On July 12, 2022, Ed Yong, a science writer for The Atlantic, posted a set of images that supposedly showed how a random Twitter user willed into existence a nickname for a new COVID-19 variant, BA.2.75: "Centaurus."
Both of the screenshots in the above-displayed tweet were real. On July 1, Twitter user @xabitron1 truly posted a message saying the new strain should be called "Centaurus," just like the star constellation. More than a week later, several news outlets published articles calling the new COVID-19 variant, which was a mutation of the omicron strain, by the "Centaurus" nickname.
So how did this happen?
While the Twitter user's post may feel like an eerie prediction to some (in part because the internet is full of such bogus claims), that wasn't the case. Rather, people realized the new strain needed a name that was easier to remember, or say, than "BA.2.75," and so they created one.
After Yong's tweet went viral, @xabitron1 explained in a tweet thread, "People will understand much better nicknames than letters and numbers, their perception of the different sub variants is a mess."
Linguists often refer to language as a "living" concept. Language is constantly evolving and, every year, new words get added to the dictionary. Merriam-Webster explained that it chooses new words largely based on actual usage. In other words, when a new word becomes used often, it may warrant its own entry in the dictionary. Merriam-Webster said in a statement:
Just as the language never stops evolving, the dictionary never stops expanding. New terms and new uses for existing terms are the constant in a living language, and our latest list brings together both new and likely familiar words that have shown extensive and established use.
A similar concept was at play when, in July 2022, COVID-19 variant BA.2.75 became unofficially known as "Centaurus." After @xabitron1 presented the nickname, other Twitter users picked up on it and started using it, too. News outlets eventually followed suit and started using "Centaurus" in articles about the latest strain.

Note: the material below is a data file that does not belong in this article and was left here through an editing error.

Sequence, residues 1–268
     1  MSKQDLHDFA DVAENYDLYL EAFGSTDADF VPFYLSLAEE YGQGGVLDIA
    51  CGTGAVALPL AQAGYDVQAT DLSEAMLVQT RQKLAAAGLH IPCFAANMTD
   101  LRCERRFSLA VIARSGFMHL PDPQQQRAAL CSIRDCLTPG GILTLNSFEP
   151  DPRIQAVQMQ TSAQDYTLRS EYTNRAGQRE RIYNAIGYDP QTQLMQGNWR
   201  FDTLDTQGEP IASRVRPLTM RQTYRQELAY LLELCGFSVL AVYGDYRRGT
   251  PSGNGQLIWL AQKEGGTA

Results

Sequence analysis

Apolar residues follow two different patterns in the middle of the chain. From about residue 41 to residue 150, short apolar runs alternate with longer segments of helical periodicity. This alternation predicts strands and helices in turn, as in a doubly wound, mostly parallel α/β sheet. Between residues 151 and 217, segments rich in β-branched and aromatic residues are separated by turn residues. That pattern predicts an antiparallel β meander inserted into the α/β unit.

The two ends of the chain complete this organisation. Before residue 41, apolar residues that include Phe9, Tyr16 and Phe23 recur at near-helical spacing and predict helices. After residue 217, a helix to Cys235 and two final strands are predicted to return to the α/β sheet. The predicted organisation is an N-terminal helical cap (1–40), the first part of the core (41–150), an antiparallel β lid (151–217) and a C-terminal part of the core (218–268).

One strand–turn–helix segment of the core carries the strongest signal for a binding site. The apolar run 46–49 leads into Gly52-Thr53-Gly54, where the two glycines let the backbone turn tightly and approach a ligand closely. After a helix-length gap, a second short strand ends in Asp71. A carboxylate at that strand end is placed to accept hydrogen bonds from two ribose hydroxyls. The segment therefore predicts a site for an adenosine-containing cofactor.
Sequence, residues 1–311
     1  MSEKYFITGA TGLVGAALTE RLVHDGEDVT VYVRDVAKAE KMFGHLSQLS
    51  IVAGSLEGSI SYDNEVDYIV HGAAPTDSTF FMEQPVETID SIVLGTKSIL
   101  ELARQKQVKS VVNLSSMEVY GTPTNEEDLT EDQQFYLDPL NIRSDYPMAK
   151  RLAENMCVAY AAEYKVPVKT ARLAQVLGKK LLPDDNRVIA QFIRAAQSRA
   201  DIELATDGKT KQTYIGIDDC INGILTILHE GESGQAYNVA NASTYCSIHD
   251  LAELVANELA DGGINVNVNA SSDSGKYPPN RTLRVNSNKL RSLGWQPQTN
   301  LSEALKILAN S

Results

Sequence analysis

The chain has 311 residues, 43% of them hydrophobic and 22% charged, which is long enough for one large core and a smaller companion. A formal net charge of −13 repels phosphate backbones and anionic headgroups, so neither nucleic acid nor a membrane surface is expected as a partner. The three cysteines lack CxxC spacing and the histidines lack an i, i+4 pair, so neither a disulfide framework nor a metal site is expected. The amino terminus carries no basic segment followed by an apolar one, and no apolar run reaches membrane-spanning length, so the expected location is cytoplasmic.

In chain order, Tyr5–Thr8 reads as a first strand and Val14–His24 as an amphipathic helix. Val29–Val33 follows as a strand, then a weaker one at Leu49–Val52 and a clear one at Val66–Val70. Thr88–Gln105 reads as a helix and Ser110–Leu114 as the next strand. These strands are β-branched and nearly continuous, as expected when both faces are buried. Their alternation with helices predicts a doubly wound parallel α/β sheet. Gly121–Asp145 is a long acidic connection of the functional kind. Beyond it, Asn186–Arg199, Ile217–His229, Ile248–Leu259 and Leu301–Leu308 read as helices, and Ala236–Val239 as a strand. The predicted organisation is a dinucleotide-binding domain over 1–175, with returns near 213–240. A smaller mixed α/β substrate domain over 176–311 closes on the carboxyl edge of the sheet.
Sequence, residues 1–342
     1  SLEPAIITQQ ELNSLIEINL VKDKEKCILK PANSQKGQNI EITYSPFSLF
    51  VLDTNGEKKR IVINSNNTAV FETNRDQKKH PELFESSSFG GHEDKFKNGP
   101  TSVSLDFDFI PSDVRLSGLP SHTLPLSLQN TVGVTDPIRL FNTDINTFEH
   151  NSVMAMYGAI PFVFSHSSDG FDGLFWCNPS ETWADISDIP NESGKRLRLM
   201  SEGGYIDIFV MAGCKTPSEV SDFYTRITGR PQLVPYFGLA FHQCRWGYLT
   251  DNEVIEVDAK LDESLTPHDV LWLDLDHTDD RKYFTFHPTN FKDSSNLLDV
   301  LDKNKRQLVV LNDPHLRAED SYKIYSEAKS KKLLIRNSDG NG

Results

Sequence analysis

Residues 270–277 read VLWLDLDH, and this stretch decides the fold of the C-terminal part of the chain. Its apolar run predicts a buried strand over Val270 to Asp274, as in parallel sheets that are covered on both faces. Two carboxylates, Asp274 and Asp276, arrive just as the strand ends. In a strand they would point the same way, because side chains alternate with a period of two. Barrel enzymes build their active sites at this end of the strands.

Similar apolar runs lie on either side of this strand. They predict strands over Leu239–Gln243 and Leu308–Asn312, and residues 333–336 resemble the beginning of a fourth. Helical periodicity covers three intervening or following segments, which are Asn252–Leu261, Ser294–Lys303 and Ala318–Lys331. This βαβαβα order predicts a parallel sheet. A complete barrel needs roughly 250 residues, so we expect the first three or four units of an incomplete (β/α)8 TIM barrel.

For example, the Australian Financial Review wrote on July 4:
Virologists are warning that a highly contagious new second-generation COVID-19 variant nicknamed “centaurus”, which has multiple immune-evading mutations and has grown rapidly in India, is likely to take over from omicron variants and drive a new wave of infection.
What is the World Health Organization saying?
The World Health Organization (WHO) is responsible for giving new COVID-19 variants their official names. To date, the WHO has largely used the Greek alphabet to help determine the labels. As far as the above-mentioned strain, the WHO has referred to it as a "new sub lineage of Omicron called BA.2.75," as of this writing, and has not announced an official non-numerical name.
So, the WHO may never adopt the name "Centaurus," even though journalists and social media users are using the title.
The strain was rapidly spreading in India and had arrived in the United Kingdom, as of this writing. The Guardian reported:
The European Centre for Disease Prevention and Control (ECDC) designated it a “variant under monitoring” on 7 July, meaning there is some indication that it could be more transmissible or associated with more severe disease, but the evidence is weak or has not yet been assessed.
In addition to its apparent rapid growth and wide geographical spread, virologists have been alerted by the sheer number of extra mutations BA.2.75 contains, relative to BA.2, from which it is likely to have evolved. 'This could mean that it has had the chance to evolve an advantage over an already successful virus lineage,' said Dr Stephen Griffin, a virologist at the University of Leeds.
'It’s not so much the exact mutations, more the number/combination,' said Dr Tom Peacock, a virologist at Imperial College London, who was the first to identify Omicron as a potential concern back in November 2021. 'It’s hard to predict the effect of that many mutations appearing together – it gives the virus a bit of a ‘wildcard’ property where the sum of the parts could be worse than the parts individually.'
Some people have criticized the unofficial origins of the name "Centaurus," arguing that people should leave the labeling up to the WHO to avoid potential confusion. For a historical disease-naming example, we previously explored the origins of the "Spanish Flu" and how that name originated as a bit of a misnomer.